• Measures in awake behaving animals relevant to human functional or molecular imaging (fMRI or MRS).
  • Additional innovative measures are encouraged including the use of novel tools or methods arising from the BRAIN initiative.
  • Computational approaches connecting behaviors with circuit functions are encouraged. NIMH is particularly interested in new computational theories of complex behaviors able to link multiple behavioral (and circuit) parameters, tracked over time to make predictions on potentially back-translatable (animal-to-humans) behavioral outcomes.

Mechanistic testing of underlying brain pathways will be tailored to the proposed assay measure. For example, studies might examine if specific changes in dopamine signaling to striatum or prefrontal cortex reliably predict speed or accuracy of reward contingency learning. These studies are critical for advancing a new generation of in vivo assays for therapeutic development that are be grounded in a clinically-meaningful neurobiological context.

The main emphasis must be on developing novel, clinically relevant measures as assays. While the neurophysiological or behavioral measures may not be innovative by themselves, their inclusion in a therapeutic development pipeline must be novel.

Since this work is expected to identify and optimize novel assay measures that can subsequently be compared with measures in healthy humans, it is imperative that proposed neurophysiological and behavioral assay measures be feasible to perform in healthy humans.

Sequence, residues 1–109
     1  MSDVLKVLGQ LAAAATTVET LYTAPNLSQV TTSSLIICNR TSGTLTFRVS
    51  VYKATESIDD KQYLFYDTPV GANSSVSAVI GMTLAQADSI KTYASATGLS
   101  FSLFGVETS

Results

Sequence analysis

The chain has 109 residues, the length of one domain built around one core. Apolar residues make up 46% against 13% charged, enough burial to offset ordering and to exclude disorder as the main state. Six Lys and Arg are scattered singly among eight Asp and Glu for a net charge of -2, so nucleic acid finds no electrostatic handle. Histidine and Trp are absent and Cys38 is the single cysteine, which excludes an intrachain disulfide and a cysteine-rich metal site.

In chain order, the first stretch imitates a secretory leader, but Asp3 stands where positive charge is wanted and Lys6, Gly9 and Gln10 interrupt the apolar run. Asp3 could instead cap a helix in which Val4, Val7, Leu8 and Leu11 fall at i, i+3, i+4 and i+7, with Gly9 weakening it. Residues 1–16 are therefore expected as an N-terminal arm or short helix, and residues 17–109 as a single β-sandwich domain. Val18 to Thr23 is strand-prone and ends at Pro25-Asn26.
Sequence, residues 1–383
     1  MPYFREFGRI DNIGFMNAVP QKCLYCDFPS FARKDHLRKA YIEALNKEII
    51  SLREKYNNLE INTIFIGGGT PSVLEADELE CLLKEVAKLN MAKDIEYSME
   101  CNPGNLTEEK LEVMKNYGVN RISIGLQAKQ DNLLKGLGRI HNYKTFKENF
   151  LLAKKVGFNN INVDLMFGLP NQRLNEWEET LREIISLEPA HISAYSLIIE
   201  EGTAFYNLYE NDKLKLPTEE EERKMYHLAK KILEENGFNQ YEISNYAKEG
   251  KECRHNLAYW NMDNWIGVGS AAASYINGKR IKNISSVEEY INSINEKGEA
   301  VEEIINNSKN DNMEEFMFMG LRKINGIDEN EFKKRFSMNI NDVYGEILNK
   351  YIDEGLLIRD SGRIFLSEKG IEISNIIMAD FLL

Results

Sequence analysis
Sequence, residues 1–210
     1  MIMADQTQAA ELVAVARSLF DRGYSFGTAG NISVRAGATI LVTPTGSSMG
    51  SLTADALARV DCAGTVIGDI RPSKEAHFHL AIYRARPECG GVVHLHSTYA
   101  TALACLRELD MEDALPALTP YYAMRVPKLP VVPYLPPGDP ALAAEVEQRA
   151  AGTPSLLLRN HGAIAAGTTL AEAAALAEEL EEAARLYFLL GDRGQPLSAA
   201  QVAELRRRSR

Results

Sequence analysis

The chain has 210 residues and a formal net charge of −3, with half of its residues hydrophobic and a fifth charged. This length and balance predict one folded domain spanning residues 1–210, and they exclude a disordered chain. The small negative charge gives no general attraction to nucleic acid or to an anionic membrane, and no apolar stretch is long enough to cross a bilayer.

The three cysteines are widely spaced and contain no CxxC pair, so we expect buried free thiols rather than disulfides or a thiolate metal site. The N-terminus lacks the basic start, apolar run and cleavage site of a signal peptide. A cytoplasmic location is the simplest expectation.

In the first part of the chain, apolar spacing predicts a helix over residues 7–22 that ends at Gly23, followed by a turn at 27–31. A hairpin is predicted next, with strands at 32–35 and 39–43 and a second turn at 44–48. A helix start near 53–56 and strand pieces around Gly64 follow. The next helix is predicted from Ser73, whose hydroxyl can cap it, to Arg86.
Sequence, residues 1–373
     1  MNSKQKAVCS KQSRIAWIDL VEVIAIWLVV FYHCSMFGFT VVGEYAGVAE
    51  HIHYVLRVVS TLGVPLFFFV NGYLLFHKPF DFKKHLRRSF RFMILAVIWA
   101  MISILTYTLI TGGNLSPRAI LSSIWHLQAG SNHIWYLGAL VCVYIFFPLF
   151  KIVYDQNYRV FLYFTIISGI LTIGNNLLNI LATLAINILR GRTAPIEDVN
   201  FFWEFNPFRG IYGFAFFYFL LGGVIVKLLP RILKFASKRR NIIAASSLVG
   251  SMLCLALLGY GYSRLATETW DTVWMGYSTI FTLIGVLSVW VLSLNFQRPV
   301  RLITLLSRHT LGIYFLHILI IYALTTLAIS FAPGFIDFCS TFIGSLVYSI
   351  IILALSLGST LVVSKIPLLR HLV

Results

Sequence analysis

Projects Not Responsive to this Announcement Include:

  • Development or inclusion of animal models “of” mental disorders. Only wild-type healthy animals should be included in all phases except for genetic tools needed to measure and evaluate brain pathways relevant to the physiological or behavioral measures in the mechanistic testing phase 3.
  • Broad batteries of behavioral tests to address emotional constructs such as “depression” or “anxiety”.
  • Studies aimed solely at developing measures of circadian rhythmicity or clock regulatory mechanisms as assays.
  • Cell culture or in vitro assay measures.
  • Hypothesis testing beyond evaluation of the relationship of the neurophysiological or behavioral measures to specific circuits. For example, studies focused primarily on testing brain systems underlying functional domains, pathophysiology of disease, or treatment response are not appropriate.
  • Studies aimed primarily at evaluating novel therapeutic targets or treatment candidates.
  • Studies in humans.
  • While neurophysiological measures such as event-related potential (ERP) may be useful for refining critical temporal parameters of an assay, they have insufficient specificity to assess effects across trials. Studies proposing EEG measures as assays must focus on frequency band measures for this FOA.
  • Measures should be innovative in relation to published relevant literature.For example, assays of plasticity mechanisms could focus on novel neurophysiological measures. Many behavioral readouts of learning and memory are well established and already sufficiently represented in the NIMH portfolio, particularly for contextual vs cued fear learning.

Deadline:  January 4, 2019 (letters of intent); February 4, 2019 (full proposals)


Filed Under: Funding Opportunities